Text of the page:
WOW! What a trip!! I’ve just returned from a 17 day safari in India, guiding for a wonderful couple whom I’ve known for some time, and visiting two major reserves as well as a host of cultural sites.
I’ll be writing a full report of the journey soon, illustrated with many of the photographs I took during the adventure, but I just have to tell you what I managed to record on my Bushnell HD trailcam!
I took the Bushnell HD along not really expecting to get much opportunity to use it. I knew I would have to seek special permission to site it within one of the National Reserves, and had no idea what to expect in the grounds of the camps and lodges we would be staying in, all of which are situated beyond the boundary of the reserves.
After visiting some of the most spectacular cultural sites anywhere in the world, including the Taj Mahal, we made our way to Madhya Pradesh and the first of the reserves we were to visit, Kanha. Here we stayed at a lovely camp surrounded by regenerating grassland and trees, called Shergarh (Home of the tiger). Whilst there was a wealth of birdlife in the area, including kingfishers on the lake and jungle owlets in the trees, I had little luck with the trailcam here, more I’m guessing due to me not finding the right place to site it than there being no life on the ground. Kanha reserve offered a wealth of great wildlife sightings, but these will be covered in my next blog.
From Kanha we travelled to another reserve, Bandhavgarh, and here, once again, we stayed outside the reserve, in a terrific lodge called Mahua Kothi. Despite being encircled by villages and community, the grounds surrounding the lodge were a rich mixture of grassland, light forest, bamboo and areas of standing fresh water. It was alongside the larger of these pools I decided to site the trailcam, looking along a narrow ridge bordered by bamboo on one side and scrubby undergrowth the other.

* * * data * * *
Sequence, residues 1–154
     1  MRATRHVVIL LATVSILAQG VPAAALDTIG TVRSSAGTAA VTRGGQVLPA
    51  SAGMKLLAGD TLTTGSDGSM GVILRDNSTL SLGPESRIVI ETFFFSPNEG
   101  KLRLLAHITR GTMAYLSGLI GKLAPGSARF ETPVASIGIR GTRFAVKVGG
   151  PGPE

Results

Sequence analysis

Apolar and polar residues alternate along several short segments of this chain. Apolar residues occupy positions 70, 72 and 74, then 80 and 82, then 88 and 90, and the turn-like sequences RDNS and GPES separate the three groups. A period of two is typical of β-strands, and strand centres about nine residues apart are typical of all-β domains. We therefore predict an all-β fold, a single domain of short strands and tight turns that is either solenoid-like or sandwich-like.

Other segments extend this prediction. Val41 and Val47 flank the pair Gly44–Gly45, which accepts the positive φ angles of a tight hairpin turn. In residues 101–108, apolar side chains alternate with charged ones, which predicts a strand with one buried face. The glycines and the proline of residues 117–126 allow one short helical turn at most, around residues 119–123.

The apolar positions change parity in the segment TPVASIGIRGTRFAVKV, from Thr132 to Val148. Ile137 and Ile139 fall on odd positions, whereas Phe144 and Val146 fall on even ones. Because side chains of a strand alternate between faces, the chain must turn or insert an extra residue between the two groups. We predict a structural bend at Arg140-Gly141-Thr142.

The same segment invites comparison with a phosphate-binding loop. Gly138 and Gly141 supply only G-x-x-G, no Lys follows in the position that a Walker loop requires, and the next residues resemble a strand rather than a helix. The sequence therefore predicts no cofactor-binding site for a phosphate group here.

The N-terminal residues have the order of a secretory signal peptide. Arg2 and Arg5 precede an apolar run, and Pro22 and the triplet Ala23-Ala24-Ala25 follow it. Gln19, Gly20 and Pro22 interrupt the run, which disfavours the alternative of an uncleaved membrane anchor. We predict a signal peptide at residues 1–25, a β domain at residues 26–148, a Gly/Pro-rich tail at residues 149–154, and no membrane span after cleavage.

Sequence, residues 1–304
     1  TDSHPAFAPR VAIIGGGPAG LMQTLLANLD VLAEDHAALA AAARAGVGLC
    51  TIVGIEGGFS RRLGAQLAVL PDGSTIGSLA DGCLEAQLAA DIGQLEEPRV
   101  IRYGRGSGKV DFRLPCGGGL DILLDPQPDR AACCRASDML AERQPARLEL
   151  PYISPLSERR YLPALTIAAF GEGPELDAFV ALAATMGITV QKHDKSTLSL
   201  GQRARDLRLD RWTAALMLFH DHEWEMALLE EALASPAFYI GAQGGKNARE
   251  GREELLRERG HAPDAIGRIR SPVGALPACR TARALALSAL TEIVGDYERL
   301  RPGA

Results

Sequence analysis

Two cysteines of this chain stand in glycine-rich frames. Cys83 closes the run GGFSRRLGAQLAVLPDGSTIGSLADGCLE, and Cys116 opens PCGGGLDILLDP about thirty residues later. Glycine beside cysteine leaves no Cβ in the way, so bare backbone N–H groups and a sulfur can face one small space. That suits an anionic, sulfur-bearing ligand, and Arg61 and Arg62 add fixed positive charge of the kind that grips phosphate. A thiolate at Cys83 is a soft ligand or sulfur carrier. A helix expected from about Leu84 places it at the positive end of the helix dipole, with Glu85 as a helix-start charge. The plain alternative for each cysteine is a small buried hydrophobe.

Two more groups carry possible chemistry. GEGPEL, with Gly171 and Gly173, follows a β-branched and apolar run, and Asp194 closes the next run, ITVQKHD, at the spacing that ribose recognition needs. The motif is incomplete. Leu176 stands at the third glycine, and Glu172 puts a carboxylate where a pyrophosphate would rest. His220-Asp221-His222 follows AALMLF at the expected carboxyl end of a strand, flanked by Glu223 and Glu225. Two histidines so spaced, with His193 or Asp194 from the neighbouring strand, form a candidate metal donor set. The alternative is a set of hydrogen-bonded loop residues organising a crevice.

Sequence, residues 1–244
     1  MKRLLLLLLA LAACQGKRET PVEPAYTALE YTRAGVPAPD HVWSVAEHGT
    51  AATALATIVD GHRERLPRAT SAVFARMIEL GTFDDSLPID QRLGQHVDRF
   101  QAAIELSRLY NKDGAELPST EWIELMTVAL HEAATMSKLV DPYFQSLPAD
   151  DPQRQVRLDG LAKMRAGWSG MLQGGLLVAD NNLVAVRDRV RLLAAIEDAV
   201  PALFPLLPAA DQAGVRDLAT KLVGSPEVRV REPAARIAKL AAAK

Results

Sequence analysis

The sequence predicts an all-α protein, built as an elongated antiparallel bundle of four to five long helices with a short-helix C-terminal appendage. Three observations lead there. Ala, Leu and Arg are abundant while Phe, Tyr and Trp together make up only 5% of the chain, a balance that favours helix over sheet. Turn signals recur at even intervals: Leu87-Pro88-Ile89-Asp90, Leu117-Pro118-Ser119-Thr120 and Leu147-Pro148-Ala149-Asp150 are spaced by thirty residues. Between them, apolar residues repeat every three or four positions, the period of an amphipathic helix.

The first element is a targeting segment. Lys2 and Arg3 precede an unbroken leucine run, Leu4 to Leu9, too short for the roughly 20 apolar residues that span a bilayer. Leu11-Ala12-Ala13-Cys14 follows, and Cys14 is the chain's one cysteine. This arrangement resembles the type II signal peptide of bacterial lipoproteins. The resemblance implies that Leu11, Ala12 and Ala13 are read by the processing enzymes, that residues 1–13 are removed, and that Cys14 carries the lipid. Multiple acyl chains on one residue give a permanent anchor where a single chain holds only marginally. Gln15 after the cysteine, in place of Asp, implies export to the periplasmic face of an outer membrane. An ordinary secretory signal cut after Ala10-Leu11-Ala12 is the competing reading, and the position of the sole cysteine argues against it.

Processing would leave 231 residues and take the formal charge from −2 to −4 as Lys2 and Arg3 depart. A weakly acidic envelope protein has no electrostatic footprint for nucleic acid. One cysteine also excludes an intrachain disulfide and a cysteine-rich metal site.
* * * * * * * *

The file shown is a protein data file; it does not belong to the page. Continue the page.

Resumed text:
After the first 24 hours, I checked the results on the little colour monitor built in to the camera and immediately saw there had been some triggers. Scrolling through I found first some Jungle Fowl (the wild cousins of our domestic chickens).
The next trigger was made by a peacock, which are of course wild birds rather than an exotic ornamental here in India.
The third trigger was made by a much bigger visitor. The vast bulk of a male wild boar, the same species as we find all over Europe, but with a distinctive natty hairdo, lumbered into view then proceeded to shuffle right up to the camera! Great!!
Curiously, all the triggers occurred during daylight hours, with surprisingly for me, none occurring during the night.
I decided to try a different spot in the grounds the following day, but got no triggers whatsoever, so reverted to my original camera by the pool location on the third day.
A full day, night and following day gave the camera plenty of time to record any traffic, and on retrieval I was excited to see a good number of triggers. Among the first of these was a terrific view of a group of Indian Jackals, clearly heading out as a team to hunt and forage in the grassland and village edges around the lodge.
More jungle fowl, including a lovely cockerel, showed up a little later.
I was excited to see that there had been some nocturnal activity this time, with the camera switching automatically to its night setting and recording the action using its built in infra red light.
First off, another jackal showed up briefly.
Then a low slung creature which it was hard to identify on the small built in screen, but once I transferred the clip to my computer, I could clearly see it was a Palm Civet, sniffing for prey and scent marking! Very cool!!
One clip looked like a man walking through the shot wearing camouflage trousers when I reviewed it on the small screen (OK, I wasn’t wearing my reading glasses) but once I returned to the lodge and had a closer look, and transferred the clip to the computer, I was flabbergasted! For there, plain as you like, was the back end of a TIGER walking past the camera!!!!
UNBELIEVEABLE! I knew tigers had, from time to time during the monsoon, been recorded in the grounds, but visits were few and the last report had been several months prior to our being there.
Aaaaaand….. the night of the tiger, we were all having a BBQ not 50 metres away from where the camera was positioned! Soooo exciting.
We did have many more great encounters during the trip in the reserves, but this rather cryptic encounter with the king of the jungle, was a truly special highlight. Look out for the full blog coming soon.
Peace and Light